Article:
Coronavirus Took My Anxiety to New Extremes. But Getting Help Wasn’t Easy.
For years, I’ve been showing up to doctors’ offices prepared to present my own diagnosis. A good number of times I’ve even been right. The reason? Health anxiety. On a good day, this means I may get stressed out if I think I have a cold. On a bad day, it can mean spending hours obsessing over whether the cramp in my stomach may signal a rare disease. It also means that I’ve been a painstakingly perceptive germaphobe well before COVID ever existed. I mean, it was probably somewhat inevitable – my mom was the type of parent who discreetly passed hand sanitizer down the church pew when I was a kid. While I rolled my eyes back then, I’d be lying if I said I wouldn’t do the same thing today. The thoughts about who may have touched what or where this could have been are second nature to me.
I sometimes think that if I was better informed about certain topics, say the inner workings of my body (which I undoubtedly learned in health class but have since forgotten), I’d have less anxiety. I’ve even considered trying to educate myself online. But in my experience, Googling symptoms or health-related questions typically produces greater panic, not relief. There is also the very real possibility that expanding my knowledge capacity could make my anxiety much worse. Sometimes ignorance is bliss. Or in this case, a slightly less scientifically-backed anxiety attack.
However, when the coronavirus pandemic began my anxiety started to change, taking its toll in ways I hadn’t experienced before. And despite the skyrocketing rates of anxiety and depression across the country, getting help still wasn’t easy.
How COVID Altered My Anxiety – And Not for the Better
At the start of the pandemic, like many, I diligently washed my hands and sanitized surfaces. But even then, I could tell my brain was responding to COVID-19 in an obsessive nature that took these actions to an extreme even for a germaphobe. I developed new routines and ways of being to manage or ward off the anxiety I felt. Rather than trying to reign in my fears, I allowed myself to indulge them, rationalizing that the circumstances were worthy of significant response.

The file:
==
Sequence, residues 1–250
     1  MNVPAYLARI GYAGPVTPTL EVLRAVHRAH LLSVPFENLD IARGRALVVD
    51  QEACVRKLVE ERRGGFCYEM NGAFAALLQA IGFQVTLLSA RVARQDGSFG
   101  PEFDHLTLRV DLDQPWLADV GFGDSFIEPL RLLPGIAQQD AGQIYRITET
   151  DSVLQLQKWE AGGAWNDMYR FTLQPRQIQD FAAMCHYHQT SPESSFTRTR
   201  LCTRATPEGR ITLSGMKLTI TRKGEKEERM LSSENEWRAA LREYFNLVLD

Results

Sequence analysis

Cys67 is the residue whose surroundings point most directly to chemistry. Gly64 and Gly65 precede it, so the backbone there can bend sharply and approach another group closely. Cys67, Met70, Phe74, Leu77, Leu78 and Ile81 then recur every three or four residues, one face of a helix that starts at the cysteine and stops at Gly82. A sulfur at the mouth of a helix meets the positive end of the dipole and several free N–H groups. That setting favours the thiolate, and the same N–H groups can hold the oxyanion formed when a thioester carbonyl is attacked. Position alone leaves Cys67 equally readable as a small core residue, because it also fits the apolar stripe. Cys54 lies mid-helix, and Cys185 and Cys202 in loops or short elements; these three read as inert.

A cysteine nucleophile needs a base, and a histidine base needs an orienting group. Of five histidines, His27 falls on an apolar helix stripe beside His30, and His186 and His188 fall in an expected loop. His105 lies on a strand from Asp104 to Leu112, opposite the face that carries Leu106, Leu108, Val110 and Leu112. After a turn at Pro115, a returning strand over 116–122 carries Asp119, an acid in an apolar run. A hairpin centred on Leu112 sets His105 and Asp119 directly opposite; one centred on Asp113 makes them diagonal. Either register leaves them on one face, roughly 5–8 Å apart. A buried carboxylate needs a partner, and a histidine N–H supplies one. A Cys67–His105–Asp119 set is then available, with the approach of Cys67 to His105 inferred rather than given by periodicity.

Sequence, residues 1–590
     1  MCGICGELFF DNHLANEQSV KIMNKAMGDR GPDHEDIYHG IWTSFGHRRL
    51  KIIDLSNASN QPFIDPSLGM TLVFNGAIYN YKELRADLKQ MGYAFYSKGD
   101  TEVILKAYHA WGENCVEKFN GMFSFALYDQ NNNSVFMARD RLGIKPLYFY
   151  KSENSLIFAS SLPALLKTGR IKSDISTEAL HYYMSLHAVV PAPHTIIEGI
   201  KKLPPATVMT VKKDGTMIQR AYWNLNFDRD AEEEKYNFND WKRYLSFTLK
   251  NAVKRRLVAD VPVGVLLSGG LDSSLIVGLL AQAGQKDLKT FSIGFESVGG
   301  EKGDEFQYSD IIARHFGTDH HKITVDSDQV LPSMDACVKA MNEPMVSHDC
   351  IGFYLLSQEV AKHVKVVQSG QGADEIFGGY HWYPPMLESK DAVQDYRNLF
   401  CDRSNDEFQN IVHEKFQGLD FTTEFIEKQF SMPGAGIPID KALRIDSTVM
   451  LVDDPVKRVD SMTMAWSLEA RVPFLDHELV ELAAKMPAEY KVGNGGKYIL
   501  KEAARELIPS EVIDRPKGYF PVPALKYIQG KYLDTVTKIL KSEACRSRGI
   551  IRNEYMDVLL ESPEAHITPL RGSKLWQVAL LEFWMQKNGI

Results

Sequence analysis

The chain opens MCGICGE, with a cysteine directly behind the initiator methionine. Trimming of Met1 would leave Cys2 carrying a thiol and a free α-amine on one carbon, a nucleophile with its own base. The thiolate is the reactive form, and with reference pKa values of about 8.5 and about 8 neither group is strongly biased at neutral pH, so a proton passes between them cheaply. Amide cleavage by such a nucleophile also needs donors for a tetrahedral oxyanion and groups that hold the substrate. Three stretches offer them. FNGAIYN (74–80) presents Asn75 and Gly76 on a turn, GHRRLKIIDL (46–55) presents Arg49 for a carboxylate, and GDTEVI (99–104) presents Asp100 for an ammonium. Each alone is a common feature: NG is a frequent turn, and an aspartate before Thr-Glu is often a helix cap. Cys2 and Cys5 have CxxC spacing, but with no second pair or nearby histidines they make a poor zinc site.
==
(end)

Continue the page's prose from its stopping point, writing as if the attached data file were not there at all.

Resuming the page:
The evolution of this anxiety has brought me to a place where it’s not just coronavirus that I fear – I am distrustful of anything I cannot see. It is the possibility of the unknown that scares me. I scrub my hands with soap and water so often that my skin splinters even when my hands are still. Red cracks circle my wrists and occasionally a fold of skin splits open where it’s impossible to place a Band-Aid.
I try, but fail, to hide the evidence; bathing my hands in lotion despite how it stings like a thousand needles pricking me all at once. But this pain is not the worst of it. As I look down at my cracked knuckles, the skin almost scale-like, I feel as though I have failed. I am reminded of the fears that control me; how they hold my agency captive. And for this, the sight of my hands brings me shame.
It’s More than Just Being a Germaphobe
You might assume that I am terribly afraid of getting COVID. You’re not entirely wrong, but even as a germaphobe, my fear is not so much about getting coronavirus as it is about spreading it.
What worries me is that I could already have COVID. Maybe I am asymptomatic or just a few days from the full force of the virus’ toll. Let’s say I go to the grocery store. I weave through the narrow aisles of Morton Williams and stand in the check-out line. There is an elderly man in front of me. He has on a mask and so do I, but the nature of the line forces us to be less than six feet apart, meaning that my coronavirus will most certainly pass onto him.
And because he is, let’s say, in his late seventies, maybe he has COPD. Or what if he had a kidney transplant last year? There is simply just no way around it – he will die and I will be undeniably responsible. And so, in summation, though I am a germaphobe, I’m not worried about getting COVID – I’m worried about killing the old man.
I’ve tried to explain this rationale to a few others but have typically received looks of confusion, and sometimes, concern. My parents are among this group. In September, I visited my mom and dad in Pennsylvania where I grew up. They were quick to notice my obsessive hand washing and teased me about the diligent way I ensured every inch of my hands got coated in soap.
“You could perform surgery with those hands,” my mom joked.
It felt good to laugh at myself. It provided a welcomed sense of relief. I thought that so long as I could laugh about being a germaphobe and my anxiety, it wasn’t that serious. But on the day I was supposed to head back to New York, I woke up with a slight headache and stuffy nose. These were symptoms that pre-pandemic-me wouldn’t have been overly worried about, but now I couldn’t escape the thought, “What if it’s coronavirus?”